Question: I have been searching for apartments and each one is asking for a separate application with a credit check as well. Thus far, I have applied for three and am worried about how this may affect my credit. Will these credit checks lower my credit score?
Answer: The answer to that question depends on your landlord. Two types of credit checks exist – hard and soft – and the choice your potential landlord makes will determine if your application for that new apartment lowers the score on your credit report.
Hard Credit Checks for Rental Agreements
If you’re completing an application for that new apartment and the rental management company requests your permission to run a credit check as part of the process, it is important to know whether or not it will be a hard credit check. These types of credit checks indicate to reporting bureaus that you are possibly going to be in debt, in this case for a lease agreement. This makes you an increased financial risk, and it can lower your credit score.
When hard credit checks are run, they typically only lower your overall credit rating by five points or less. The good news is that these hard credit checks only remain your credit report for two years, and only usually affect your credit rating for twelve months.
Soft Credit Checks for Rental Agreements
Some landlords only perform soft credit checks as part of the screening process for your lease agreement. These credit checks can be seen on your credit report, but they do not negatively impact your credit rating. The inquiry will only show who pulled your credit history and the date that it was pulled.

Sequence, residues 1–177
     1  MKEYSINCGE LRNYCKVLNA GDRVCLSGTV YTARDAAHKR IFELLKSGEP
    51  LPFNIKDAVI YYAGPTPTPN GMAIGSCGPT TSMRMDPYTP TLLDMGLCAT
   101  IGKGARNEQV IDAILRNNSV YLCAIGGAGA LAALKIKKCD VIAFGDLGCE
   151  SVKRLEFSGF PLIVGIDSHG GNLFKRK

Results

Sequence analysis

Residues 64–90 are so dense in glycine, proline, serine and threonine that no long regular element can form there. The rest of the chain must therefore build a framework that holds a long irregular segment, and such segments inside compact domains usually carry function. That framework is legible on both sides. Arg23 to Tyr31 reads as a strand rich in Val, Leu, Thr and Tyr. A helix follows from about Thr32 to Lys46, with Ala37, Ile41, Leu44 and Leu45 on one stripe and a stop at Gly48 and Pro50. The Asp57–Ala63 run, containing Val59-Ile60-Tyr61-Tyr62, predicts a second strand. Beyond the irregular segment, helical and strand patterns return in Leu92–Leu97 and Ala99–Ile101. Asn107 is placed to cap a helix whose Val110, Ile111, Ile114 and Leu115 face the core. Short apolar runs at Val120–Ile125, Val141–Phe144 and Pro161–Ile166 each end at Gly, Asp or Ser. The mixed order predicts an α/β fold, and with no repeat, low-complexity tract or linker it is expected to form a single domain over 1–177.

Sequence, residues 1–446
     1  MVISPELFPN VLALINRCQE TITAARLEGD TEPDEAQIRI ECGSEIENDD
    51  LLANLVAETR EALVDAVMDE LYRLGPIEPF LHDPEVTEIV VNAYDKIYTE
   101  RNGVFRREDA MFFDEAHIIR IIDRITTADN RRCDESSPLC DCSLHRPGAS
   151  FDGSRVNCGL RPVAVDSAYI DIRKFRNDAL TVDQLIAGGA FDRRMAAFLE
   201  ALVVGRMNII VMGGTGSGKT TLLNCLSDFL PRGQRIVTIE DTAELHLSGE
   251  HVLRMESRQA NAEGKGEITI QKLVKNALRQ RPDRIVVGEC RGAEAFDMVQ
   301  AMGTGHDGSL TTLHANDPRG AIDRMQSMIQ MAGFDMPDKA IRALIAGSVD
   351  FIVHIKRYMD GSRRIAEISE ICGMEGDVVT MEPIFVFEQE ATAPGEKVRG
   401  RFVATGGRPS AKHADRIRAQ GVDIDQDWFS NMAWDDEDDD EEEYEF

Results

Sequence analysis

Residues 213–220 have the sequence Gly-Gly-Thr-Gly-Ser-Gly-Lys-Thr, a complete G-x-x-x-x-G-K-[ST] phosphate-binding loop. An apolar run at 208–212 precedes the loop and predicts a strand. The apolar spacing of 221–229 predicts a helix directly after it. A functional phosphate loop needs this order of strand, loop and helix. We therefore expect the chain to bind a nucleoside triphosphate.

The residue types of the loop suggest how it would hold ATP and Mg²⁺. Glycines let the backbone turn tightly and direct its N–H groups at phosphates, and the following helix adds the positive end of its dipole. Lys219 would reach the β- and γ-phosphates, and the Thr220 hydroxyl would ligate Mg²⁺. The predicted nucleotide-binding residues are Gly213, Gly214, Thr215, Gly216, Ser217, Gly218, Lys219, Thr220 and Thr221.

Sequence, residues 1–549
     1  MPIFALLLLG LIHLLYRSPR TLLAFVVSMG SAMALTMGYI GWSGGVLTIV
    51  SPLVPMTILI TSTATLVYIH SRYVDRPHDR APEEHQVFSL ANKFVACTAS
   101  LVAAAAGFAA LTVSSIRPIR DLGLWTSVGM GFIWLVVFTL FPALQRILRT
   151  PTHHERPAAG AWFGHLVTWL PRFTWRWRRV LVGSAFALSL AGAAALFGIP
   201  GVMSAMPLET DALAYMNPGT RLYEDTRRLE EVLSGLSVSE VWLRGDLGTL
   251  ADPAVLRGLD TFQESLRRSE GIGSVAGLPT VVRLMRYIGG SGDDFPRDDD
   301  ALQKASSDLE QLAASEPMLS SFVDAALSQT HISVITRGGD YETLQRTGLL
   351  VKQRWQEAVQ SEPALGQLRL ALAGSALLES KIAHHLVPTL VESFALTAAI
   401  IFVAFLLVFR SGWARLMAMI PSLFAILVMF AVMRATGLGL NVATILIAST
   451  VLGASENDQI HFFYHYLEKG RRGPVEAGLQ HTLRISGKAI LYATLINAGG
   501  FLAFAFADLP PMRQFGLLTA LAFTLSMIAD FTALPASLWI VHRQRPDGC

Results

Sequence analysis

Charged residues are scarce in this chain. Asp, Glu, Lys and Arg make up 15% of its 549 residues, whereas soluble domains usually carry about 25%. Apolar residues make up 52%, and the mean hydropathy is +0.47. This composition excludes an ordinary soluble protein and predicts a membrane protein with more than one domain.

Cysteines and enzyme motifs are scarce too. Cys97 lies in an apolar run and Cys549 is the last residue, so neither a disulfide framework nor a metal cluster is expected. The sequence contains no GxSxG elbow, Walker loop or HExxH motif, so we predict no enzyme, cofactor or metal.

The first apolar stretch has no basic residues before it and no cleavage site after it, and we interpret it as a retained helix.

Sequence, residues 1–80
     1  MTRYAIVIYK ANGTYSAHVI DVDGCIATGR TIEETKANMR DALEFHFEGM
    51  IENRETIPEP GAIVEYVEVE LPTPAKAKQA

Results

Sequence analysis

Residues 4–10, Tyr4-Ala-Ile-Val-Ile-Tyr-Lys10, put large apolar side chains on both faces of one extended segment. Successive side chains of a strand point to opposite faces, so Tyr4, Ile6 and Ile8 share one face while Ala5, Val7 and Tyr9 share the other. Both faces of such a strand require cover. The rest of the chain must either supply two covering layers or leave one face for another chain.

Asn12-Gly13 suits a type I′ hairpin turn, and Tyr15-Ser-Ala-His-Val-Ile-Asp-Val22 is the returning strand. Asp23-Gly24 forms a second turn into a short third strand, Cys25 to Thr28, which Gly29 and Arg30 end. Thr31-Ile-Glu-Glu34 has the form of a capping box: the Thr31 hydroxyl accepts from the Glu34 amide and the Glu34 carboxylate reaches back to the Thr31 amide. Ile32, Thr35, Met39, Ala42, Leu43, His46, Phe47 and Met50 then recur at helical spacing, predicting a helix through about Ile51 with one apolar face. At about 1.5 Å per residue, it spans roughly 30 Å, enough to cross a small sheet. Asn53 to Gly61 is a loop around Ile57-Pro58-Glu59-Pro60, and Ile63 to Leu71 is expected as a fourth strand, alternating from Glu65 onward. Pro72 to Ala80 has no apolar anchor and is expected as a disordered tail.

Protecting Credit Ratings while Renting
If you are concerned about your credit score as you search and apply for that new apartment, there are several steps you can take to help protect your credit history and still get you that new place to call home.
- Check your credit history before applying for the apartment. If you see that your credit history is relatively positive, it increases the chances that you will be able to secure a lease agreement. Those five points you might lose as the result of a hard credit check should not be detrimental to your future – they will only last for twelve months, which is about the time-frame of a rental agreement.
- If you find negative reports on your credit history, do whatever you can to rectify the situations before making any more applications for borrowing purposes.
- Inquire with potential landlords as to what type of credit check they will be running as part of the application process. Some landlords will agree to use your own credit report, as long as it is current and complete. When you make an inquiry on your own to see your credit report it is only considered a soft credit check and it will not lower your credit score.